New law permits OTC hearing aid sales, lower consumer costs projected

The Over-the-Counter Hearing Aid Act of 2017, included in a larger bill reauthorizing the U.S. Food and Drug Administration (FDA), became law Aug. 18 when President Donald Trump officially signed it.

U.S. Rep. Vern Buchanan (R-FL), a bill co-sponsor, said specific hearing aids now will be more affordable for millions of Americans.

“This bill could help improve the quality of life for nearly 50 million Americans who struggle to hear everyday conversations,” Buchanan said Monday. “Many people who need hearing aids cannot afford the high price tag of $4,000 or more.”

Approximately 48 million Americans experience age-related hearing loss yet roughly 14 percent of them use hearing aids because they’re not covered by Medicare and out-of-pocket costs average $2,400 on private insurance plans.

Buchanan said the new law is projected to help bring down the cost of hearing aids from several thousand dollars to a few hundred dollars.

Specifically, the bipartisan legislation is targeted to adults with moderate hearing loss, who now can purchase over-the-counter (OTC) hearing aids through an easier, more cost-effective process, he said.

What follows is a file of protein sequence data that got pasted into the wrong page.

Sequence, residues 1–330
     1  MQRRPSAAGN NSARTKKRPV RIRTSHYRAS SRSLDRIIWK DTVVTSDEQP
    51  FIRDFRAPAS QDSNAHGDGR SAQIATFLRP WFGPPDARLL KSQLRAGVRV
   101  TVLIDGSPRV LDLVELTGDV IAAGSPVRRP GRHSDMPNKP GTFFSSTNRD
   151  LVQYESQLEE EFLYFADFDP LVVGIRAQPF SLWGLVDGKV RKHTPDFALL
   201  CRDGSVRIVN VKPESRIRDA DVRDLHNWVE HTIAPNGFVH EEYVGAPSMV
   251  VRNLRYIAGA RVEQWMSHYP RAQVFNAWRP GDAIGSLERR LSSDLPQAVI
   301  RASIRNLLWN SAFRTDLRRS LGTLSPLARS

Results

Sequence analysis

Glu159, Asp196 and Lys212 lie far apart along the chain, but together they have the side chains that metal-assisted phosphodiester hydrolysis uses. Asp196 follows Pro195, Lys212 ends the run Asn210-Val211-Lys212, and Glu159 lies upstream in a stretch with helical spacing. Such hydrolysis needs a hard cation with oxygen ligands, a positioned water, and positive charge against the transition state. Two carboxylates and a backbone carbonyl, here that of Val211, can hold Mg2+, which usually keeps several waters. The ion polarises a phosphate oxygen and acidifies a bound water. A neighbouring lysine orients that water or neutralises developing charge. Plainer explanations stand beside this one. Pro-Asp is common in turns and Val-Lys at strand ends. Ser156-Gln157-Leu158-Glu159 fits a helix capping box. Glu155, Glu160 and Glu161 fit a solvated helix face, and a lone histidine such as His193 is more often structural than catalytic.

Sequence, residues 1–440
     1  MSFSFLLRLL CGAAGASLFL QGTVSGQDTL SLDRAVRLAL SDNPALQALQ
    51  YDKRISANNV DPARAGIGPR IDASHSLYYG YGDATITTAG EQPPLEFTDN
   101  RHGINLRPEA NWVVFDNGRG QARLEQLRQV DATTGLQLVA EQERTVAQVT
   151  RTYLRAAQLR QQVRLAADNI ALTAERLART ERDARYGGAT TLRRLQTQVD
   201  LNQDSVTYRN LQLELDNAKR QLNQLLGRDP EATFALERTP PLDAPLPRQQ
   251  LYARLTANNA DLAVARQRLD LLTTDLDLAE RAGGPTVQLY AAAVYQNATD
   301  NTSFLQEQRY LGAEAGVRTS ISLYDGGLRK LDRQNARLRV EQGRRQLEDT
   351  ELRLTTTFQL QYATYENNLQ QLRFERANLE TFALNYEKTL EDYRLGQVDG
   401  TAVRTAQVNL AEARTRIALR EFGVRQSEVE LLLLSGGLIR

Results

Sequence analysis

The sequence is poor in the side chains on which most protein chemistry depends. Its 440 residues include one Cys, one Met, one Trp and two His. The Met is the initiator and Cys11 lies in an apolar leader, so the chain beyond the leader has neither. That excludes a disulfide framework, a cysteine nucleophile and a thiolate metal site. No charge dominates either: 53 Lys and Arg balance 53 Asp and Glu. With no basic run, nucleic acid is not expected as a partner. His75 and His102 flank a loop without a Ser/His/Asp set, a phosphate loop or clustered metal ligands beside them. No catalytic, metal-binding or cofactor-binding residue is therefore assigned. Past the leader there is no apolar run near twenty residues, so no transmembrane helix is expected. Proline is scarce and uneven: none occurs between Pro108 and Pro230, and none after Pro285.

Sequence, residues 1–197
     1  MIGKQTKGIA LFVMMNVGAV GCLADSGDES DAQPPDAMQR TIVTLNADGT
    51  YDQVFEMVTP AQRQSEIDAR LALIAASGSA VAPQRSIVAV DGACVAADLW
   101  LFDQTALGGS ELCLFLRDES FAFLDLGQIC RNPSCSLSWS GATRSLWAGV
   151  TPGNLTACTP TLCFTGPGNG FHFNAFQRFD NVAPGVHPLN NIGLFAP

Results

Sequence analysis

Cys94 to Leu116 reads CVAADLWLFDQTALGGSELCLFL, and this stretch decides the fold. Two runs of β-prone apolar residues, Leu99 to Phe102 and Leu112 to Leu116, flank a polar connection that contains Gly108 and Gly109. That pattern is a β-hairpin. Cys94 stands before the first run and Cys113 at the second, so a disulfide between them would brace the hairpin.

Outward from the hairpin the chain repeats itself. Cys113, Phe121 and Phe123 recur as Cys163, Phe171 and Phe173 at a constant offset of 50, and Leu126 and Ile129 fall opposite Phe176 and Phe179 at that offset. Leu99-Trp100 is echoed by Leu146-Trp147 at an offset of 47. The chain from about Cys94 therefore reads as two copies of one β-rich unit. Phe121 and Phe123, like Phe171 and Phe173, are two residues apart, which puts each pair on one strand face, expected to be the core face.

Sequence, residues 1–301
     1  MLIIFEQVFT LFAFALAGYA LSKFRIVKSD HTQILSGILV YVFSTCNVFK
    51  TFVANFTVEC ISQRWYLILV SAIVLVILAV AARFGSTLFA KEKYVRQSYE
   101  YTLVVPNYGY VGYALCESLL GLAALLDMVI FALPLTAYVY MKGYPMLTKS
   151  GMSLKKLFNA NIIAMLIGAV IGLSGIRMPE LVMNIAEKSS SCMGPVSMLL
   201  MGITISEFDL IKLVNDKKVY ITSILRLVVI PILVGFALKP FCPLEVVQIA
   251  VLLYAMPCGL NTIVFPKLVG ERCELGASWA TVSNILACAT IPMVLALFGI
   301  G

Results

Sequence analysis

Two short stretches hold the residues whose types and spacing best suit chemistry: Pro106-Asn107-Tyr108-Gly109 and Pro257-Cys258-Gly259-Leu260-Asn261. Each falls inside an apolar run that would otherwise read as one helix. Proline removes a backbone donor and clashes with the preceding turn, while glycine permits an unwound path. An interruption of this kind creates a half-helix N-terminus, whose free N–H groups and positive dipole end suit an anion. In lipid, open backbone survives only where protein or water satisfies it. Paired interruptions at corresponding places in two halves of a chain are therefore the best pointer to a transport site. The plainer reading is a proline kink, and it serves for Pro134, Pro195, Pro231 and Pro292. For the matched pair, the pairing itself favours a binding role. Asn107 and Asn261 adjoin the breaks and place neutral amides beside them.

Currently, a formal medical evaluation is required before consumers can purchase hearing aids, which are most often bought from audiologists or licensed hearing aid sellers after an evaluation. The  Over-the-Counter Hearing Aid Act of 2017 removes these requirements, said Buchanan.

U.S. Sen. Chuck Grassley (R-IA), a lead co-sponsor of the original bill, said hearing aids are mostly sold with “bundled” fees for evaluations, follow-up appointments and adjustments that drive up costs and limit consumer access.  

“Consumers are interested in new hearing aid products to improve their quality of life at an affordable price. The more products available, the more consumers will be able to find something they can afford that works for them,” Grassley said earlier this week.

Grassley also pointed out that the bicameral measure requires the FDA to issue regulations for the new category of OTC hearing aids to ensure they meet safety standards and the same consumer labeling and manufacturing protections as all medical devices.